Do the underlying numbers point to a different conclusion?
Just been looking at the detailed dataset from the the Telegraph’s Ipsos-MORI poll that came out late last night and in my view the underlying numbers are nothing like as good for Labour as the five point Tory lead might suggest.
After weighting for standard demographics we find that:
My simple calculation puts the 2010:2005 ratio for the Tories at 118.7% while with Labour it was 78.7%
So the MORI’s own numbers suggest that Labour is down more than a fifth on last time while the Tories are up by about a sixth. Given that the split in 2005 was L36.2-C33.2 then the latest poll, if it had had politically balanced sample, would have ended up with a lead a lot bigger than the reported 5%.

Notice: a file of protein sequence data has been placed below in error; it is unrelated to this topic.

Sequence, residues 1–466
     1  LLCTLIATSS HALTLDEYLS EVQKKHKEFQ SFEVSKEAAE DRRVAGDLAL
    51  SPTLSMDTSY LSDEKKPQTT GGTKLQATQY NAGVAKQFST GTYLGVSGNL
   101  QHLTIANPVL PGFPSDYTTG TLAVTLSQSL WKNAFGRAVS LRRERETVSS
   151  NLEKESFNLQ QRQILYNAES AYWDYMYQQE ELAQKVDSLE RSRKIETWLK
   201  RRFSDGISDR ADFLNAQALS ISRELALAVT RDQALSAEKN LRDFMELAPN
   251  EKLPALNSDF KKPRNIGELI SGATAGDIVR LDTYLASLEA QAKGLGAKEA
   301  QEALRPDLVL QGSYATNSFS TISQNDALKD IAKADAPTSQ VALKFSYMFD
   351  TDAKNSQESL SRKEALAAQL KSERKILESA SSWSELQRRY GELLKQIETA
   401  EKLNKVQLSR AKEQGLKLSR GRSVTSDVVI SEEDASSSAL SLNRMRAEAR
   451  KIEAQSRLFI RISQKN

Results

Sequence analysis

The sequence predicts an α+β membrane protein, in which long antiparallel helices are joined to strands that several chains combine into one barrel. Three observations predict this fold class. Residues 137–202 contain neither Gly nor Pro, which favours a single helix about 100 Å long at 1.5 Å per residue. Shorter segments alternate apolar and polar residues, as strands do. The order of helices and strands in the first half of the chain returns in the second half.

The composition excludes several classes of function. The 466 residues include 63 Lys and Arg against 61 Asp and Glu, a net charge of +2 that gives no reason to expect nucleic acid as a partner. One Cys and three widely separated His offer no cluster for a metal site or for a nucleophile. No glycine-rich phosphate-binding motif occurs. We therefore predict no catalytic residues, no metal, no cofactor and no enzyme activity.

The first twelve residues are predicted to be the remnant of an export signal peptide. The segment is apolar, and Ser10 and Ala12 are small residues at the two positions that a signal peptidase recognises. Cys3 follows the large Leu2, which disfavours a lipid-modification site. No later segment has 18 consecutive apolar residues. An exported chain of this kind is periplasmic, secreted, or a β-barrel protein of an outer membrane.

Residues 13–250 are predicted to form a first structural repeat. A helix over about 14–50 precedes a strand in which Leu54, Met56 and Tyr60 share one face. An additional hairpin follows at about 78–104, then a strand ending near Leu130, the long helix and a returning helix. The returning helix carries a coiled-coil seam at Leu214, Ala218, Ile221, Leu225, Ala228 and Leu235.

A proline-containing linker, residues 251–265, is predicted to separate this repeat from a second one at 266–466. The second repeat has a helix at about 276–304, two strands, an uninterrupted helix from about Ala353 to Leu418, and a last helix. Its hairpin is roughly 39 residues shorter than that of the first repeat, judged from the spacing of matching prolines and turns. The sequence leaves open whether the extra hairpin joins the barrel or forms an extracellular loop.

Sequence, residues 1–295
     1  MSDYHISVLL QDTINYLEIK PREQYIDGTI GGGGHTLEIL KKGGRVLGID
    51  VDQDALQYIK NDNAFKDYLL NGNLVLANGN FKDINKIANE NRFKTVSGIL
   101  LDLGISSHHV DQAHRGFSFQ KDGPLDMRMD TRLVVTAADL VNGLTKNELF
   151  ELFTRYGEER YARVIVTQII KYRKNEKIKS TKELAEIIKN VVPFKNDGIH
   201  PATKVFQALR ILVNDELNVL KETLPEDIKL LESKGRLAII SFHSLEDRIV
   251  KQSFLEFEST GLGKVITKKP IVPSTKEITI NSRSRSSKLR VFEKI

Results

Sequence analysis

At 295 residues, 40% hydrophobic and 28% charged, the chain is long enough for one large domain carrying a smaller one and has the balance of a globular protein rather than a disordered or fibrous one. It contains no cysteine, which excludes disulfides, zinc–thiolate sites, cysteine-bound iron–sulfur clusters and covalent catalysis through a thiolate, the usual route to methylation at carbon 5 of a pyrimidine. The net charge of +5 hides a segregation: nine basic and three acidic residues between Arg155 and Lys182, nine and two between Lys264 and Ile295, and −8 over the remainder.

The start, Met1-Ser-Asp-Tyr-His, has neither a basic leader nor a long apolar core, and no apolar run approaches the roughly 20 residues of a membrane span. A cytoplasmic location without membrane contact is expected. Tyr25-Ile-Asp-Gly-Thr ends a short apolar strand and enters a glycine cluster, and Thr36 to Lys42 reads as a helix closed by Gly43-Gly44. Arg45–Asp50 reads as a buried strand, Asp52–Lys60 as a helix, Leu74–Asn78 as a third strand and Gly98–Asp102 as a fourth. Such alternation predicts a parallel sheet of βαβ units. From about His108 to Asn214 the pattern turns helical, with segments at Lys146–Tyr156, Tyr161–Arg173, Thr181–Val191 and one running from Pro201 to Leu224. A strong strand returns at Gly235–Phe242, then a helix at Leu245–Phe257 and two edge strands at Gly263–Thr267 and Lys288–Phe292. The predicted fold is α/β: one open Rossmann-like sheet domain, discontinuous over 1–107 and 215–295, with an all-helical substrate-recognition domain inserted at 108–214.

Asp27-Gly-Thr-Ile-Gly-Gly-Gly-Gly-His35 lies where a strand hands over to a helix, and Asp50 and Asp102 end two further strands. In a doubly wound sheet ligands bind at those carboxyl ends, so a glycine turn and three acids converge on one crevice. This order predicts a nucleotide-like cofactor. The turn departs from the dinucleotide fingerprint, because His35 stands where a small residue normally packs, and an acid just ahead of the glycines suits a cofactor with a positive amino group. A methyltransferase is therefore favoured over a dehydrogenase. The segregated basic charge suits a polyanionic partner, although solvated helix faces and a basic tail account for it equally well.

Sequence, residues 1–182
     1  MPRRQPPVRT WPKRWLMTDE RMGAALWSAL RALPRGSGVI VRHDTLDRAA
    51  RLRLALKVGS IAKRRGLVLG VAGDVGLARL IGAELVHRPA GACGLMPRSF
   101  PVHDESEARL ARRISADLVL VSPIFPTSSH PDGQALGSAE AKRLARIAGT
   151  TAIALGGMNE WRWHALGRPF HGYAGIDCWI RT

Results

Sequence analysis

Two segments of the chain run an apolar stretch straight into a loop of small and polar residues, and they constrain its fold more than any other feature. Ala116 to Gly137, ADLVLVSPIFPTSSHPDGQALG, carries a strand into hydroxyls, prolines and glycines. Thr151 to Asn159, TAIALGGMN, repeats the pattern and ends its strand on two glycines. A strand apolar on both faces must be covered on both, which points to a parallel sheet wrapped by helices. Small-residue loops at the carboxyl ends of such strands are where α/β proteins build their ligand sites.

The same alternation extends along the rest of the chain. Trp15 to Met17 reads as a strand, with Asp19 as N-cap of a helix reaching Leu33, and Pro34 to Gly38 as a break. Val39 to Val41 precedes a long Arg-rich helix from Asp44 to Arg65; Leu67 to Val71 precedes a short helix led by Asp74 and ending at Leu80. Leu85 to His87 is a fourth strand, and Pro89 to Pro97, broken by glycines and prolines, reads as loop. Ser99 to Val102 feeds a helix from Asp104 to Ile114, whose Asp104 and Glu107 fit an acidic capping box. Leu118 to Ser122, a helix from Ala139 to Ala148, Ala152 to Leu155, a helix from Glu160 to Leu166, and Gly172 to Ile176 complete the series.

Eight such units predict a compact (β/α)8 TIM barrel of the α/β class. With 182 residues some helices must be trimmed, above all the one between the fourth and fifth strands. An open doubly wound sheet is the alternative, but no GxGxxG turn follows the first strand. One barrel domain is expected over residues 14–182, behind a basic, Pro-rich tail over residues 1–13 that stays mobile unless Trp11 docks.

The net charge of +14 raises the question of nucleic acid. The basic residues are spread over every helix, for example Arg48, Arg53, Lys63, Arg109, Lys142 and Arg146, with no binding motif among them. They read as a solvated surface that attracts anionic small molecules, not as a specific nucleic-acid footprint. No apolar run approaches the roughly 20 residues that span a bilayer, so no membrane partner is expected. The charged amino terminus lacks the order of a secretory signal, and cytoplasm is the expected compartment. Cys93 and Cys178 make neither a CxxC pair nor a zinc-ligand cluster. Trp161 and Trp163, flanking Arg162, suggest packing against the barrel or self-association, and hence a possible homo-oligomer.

I know that this is me being mischievous and highly selective but it does show the massive challenge phone pollsters face – because of the systemic problem of the over-sampling of Labour past voters.